You can order bones and other corset supplies online at either the US based or UK based Vena Cava Design. 

What Length to Buy:
You can cut your bones and cap them yourself, but if you already have your pattern you will save yourself a lot of trouble by purchasing boning to size.  You want to buy bones around 3/4" shorter than your seam, otherwise it will create too much stress on the fabric and potentially break through after a few wearings (or one wearing, as I found out with my first corset!).  

Step 4: Cut Your Fabric

Because the pattern pieces are mirrored, you can double up your fabric and cut both sides at once.  I have a 1/2" seam allowance.  It is best to have a generous seam allowance, because when you sew the channels there will be those additional layers to encase the bone and add strength.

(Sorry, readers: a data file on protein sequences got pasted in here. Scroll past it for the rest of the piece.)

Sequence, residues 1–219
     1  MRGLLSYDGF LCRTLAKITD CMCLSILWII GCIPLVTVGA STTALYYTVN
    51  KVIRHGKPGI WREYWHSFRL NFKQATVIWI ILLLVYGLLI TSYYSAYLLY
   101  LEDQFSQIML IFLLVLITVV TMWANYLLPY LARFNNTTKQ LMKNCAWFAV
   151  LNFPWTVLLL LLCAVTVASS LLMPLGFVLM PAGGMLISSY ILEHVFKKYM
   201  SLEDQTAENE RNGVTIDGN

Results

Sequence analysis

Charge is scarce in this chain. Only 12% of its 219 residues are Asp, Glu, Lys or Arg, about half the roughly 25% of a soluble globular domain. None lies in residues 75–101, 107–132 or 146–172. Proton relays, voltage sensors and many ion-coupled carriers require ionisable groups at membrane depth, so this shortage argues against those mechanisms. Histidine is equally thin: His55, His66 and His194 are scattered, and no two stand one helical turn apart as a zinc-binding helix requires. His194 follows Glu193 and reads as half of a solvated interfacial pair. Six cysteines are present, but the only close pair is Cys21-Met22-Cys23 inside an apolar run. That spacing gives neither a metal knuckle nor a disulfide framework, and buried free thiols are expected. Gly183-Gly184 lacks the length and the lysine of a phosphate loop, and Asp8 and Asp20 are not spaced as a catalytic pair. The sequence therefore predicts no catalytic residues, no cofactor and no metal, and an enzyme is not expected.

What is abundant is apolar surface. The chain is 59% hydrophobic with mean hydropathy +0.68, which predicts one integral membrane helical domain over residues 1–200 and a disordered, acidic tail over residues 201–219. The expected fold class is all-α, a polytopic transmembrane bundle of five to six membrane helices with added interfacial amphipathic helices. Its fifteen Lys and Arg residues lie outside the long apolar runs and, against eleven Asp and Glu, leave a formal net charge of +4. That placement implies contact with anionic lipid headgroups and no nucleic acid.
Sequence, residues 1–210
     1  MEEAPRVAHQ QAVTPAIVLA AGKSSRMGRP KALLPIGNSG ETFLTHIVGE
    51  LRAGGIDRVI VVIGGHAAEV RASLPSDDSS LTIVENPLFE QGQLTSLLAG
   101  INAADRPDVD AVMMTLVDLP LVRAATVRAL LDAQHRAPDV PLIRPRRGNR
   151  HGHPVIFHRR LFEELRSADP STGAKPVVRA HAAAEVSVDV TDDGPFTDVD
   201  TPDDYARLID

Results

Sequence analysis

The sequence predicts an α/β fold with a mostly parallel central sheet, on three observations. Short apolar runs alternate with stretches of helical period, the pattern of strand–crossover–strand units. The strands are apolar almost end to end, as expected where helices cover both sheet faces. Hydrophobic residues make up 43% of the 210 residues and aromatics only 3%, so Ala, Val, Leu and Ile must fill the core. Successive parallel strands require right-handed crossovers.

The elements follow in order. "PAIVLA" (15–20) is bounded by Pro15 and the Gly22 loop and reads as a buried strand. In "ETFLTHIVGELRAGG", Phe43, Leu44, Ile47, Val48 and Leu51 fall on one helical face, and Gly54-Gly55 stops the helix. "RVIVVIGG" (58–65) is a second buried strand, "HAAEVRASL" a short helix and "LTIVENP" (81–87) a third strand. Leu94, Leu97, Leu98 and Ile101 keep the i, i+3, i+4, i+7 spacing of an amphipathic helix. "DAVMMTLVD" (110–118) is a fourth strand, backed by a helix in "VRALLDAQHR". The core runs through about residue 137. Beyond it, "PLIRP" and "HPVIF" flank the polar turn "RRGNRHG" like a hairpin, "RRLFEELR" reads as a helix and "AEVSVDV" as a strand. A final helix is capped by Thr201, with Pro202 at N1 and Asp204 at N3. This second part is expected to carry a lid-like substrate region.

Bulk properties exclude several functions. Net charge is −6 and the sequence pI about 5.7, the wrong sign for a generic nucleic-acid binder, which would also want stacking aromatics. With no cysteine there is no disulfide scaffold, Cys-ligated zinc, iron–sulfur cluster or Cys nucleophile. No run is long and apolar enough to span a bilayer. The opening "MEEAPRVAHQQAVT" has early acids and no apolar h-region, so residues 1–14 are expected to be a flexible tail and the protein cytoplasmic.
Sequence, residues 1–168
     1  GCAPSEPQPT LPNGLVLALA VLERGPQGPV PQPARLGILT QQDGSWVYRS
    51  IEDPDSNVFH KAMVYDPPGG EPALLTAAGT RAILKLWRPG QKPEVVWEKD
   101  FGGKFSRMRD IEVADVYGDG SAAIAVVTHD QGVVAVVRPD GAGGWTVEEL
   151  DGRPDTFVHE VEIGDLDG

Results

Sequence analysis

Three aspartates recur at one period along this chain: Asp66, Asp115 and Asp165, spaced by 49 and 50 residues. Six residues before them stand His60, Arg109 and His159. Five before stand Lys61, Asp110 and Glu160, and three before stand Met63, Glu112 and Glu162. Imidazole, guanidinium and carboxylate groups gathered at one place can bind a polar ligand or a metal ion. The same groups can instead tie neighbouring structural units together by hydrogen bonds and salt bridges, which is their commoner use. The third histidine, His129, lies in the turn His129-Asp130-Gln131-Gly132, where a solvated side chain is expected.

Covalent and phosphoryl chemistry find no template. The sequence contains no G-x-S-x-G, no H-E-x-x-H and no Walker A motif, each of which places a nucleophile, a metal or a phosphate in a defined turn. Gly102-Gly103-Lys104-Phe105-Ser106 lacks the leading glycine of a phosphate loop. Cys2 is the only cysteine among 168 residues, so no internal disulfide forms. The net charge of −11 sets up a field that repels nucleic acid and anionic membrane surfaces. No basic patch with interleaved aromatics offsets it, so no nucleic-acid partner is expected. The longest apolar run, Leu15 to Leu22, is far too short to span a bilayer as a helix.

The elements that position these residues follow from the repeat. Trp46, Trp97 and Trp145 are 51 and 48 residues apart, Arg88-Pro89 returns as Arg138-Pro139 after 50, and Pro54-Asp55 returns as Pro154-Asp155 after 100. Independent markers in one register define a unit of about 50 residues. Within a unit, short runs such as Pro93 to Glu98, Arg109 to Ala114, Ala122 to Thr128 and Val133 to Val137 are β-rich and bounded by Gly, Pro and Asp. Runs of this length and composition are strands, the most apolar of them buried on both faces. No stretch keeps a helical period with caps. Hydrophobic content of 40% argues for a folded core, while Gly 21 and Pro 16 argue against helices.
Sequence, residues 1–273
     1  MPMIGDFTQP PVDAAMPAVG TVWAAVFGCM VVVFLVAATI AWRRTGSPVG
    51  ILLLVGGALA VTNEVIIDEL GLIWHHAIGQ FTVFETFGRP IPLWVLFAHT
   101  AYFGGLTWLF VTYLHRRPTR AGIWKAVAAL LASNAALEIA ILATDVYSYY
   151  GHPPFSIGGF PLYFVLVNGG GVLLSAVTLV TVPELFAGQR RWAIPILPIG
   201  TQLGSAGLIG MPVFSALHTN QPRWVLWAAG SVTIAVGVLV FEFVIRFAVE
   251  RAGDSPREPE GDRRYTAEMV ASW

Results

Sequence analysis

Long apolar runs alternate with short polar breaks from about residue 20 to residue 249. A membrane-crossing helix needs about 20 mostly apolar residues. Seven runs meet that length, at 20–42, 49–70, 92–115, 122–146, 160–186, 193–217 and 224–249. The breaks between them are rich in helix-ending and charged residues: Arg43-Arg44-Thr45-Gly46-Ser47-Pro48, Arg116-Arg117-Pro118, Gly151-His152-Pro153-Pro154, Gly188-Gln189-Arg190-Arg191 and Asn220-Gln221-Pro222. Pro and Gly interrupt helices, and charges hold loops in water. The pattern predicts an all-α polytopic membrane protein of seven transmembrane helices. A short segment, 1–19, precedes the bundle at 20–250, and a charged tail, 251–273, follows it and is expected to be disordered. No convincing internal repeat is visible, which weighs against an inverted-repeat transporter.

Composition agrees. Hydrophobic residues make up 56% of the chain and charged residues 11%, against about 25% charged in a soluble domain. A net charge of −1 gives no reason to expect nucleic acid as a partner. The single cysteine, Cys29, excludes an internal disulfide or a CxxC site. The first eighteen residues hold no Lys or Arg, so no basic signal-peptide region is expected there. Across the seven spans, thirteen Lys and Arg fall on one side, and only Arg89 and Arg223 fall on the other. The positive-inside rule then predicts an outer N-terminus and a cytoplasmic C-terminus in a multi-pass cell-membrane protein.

Cut one set from the outer fabric, and one set for the lining fabric. 

As a last step, cut out two pieces of interfacing for the back panel (where the lacing will go), and iron them on.  This is to provide additional stability for the eyelets.  I actually used iron on mending fabric instead of interfacing because it's what I had around, and it worked great as well.

Step 5: Sew the Panels Together

Sew together the panels together for the outer fabric.  Do the same for the lining fabric. 

Once both are completed, clip the seams as needed at the waist and bust, and iron flat.  It is important to press both of them well, so that you don't get weird creases and lumps when you sew the channels.

Step 6: Sew the Outer Fabric to the Lining Fabric

Lay the lining panels and facing panels right side together.  Sew both ends together along the back panel.  Turn right side out, and press.

Step 7: Sew the Channels

Now for the fun part!  Get ready for a lot of sewing, this step takes a while. Take care making sure the front and back fabrics line up as precisely as possible.